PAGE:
Posts Tagged ‘Liberal Christianity’

“Liberal Christianity” and the Real Church

Thursday, July 19th, 2012

In my last post, I considered a question of Catholic identity, stemming from a story about the Diocese of Arlington, and their request that all catechists make a profession of faith.

A second item in the press has also raised the question of Catholic identity.  In the New York Times, Ross Douthat, one of the most perceptive observers of modern religious trends, wrote on the question “Can Liberal Christianity Be Saved?”.   The focus is on the Episcopal Church, but the piece (and his recent book, “Bad Religion”) is also a challenge to us as Catholics to consider the identity of our own Church.

“Liberal Christianity” is a notoriously protean entity, but it can be found in every Christian community, including the Church.  It has variously been known under the term “modernism”, or “revisionism”.  It is often conflated with political liberalism, but the two are not always or necessarily connected or identical.  Theological liberalism’s characteristics include:

  • A rejection of Church teaching authority either in whole or in part;  this is frequently seen  in assertions or implications that there are other sources of authority that are entitled to equal or greater weight than the Magisterium on matters of faith and morals (e.g.,  the writings of academic theologians, the alleged consensus of the people, the beliefs of other religions, etc.);
  • Promoting the idea that Revelation is subject to continual revision based on the purported lessons of modern science or philosophy; we see this most often in calls for the Church to “update outmoded teachings” or to “get with the times”;
  • A dislike or open disregard for certain aspects of Church law, particularly those that require doctrinal fidelity for individuals or institutions (e.g., Pope John Paul’s decree Ex Corde Ecclesiae on the fidelity of theologians and universities) or the liturgical rubrics;
  • Proposing the revision of moral doctrine based on the common behavior of people (i.e., their sins), the results of opinion polls, or developments in contemporary philosophy or psychology;  this is particularly focused on sexual matters (e.g., contraception or homosexual acts), and is very popular in Catholic academia (as was seen in the recent  Notification by the Congregation for the Doctrine of the Faith that a book by a prominent theologian was incompatible with the teaching of the Church);
  • Negative attitudes towards traditional devotions and liturgy; this can be seen in some of the opposition to the new translation of the Ordinary Form of the Mass, and in the contempt and hostility of some towards the Extraordinary Form;
  • A distorted notion of the absolute autonomy of individual conscience, without recognizing that conscience must always be formed by the teachings of the Church and subject to the commands of God;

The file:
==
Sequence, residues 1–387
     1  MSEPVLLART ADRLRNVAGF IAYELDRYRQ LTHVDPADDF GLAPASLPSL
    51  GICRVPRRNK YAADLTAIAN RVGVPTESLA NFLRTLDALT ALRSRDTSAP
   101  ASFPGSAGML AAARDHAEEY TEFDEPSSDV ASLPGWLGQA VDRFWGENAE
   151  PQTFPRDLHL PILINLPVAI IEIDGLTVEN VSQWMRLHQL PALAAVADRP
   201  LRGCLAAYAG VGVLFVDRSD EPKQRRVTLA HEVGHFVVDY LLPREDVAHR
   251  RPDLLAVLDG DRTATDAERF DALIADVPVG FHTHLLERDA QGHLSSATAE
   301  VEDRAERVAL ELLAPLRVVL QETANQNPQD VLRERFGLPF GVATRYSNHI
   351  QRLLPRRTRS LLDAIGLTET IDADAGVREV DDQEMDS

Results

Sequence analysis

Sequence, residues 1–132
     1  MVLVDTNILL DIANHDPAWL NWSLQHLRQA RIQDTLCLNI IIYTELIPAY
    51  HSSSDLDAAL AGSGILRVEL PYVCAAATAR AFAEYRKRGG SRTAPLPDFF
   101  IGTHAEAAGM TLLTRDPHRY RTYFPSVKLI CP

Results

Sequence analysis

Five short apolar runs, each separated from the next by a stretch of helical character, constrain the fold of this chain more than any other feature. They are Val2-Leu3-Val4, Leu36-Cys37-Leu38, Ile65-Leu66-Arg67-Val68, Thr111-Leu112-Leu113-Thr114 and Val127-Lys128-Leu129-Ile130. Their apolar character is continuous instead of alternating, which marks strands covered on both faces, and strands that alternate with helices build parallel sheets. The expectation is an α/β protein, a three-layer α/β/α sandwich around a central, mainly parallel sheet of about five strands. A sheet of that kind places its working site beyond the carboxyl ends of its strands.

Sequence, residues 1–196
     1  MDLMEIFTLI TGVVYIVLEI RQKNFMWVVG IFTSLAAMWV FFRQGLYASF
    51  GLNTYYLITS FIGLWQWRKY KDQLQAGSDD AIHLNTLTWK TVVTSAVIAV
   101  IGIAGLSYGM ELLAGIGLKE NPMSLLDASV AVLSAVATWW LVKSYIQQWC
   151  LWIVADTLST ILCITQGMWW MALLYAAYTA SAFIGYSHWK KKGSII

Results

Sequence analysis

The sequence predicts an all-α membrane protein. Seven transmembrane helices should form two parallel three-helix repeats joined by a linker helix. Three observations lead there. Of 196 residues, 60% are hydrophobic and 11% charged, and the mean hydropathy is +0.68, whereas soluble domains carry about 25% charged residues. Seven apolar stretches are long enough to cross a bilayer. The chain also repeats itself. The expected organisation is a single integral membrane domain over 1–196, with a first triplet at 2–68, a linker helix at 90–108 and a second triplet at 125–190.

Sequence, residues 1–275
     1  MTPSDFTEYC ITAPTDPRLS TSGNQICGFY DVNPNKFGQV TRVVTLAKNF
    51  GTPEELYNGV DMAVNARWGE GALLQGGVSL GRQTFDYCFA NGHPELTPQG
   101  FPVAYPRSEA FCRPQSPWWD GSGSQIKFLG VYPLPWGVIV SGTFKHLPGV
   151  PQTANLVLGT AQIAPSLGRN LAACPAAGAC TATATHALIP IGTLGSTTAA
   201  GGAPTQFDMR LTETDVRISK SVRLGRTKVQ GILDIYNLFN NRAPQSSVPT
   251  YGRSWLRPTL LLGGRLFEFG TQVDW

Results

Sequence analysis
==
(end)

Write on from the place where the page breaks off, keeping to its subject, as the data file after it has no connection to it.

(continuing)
• A sense of the post-Conciliar Church characterized by what Pope Benedict has called “a hermeneutic of rupture” from tradition; we all know this as the amorphous “Spirit of Vatican II”, which has led to all sorts of innovations and abuses that have no basis in the actual teachings of the Council or the traditional teachings or practices of the Church.
  • Those of us raised in the 1960′s and 1970′s are very familiar with this brand of “liberal Catholicism”.  We have all been immersed in it, and have seen its failure, which led Cardinal George to call it “an exhausted project… [that] no longer gives life”.  There are many, many flaws in liberal Christianity, and Cardinal George does an excellent job of dissecting the corpse.

    Douthat’s piece in the Times focuses our attention particularly on the failure of liberal Christianity — and liberal Catholicism in particular — to properly understand the nature and purpose of the Church.  In that view, the Church is merely another sociological phenomenon, no different from any other worldly entity, the purpose of which is limited to worldly matters — to empower people (women, minorities, etc.), redress historical grievances, effect political change, and so on.

    This fails to understand the nature of the Church.  She is the Body of Christ, His Bride, and is, in a deep existential sense, inseparable from Him.  Although made up of flawed and imperfect humans, we can never speak of the Church without speaking of Christ Himself. She is human, indeed, but She is also divine.  As both a human and divine entity, the Church respects both the human and divine aspects of every person.

    So, the purpose of the Church is also not limited to human affairs.  Her ultimate purpose is to bring people into a loving relationship with Jesus Christ — an encounter with a real person — so that people can come to know the Father through the Spirit, and thus attain eternal life.   While the  earthly activities of the Church are valuable and must be pursued out of obedience to the will of God, they all take a distant second place to that fundamental task of bringing people to God.

    Liberal Christianity doesn’t think of the Church that way, and never speaks of Her that way. That is why, as Cardinal George pointed out, it “no longer gives life”.  Indeed, that is why liberal Christianity is diminishing in numbers and influence, because their interests (politics, sexual innovation, environmentalism, etc.) do not appeal to the basic desire of people to know and love God.  As evidenced by its obsession with separating sexuality from fertility, liberal Christianity is sterile, and we all know where sterility leads.

    The real Church, which passionately loves Her devoted Bridegroom, longs to bring everyone to know Him as well.  She is focused on the final goal — life forever in the eternal exchange of love that is God’s own life.

    Our real Church is rich and fecund, and will always bear fruit.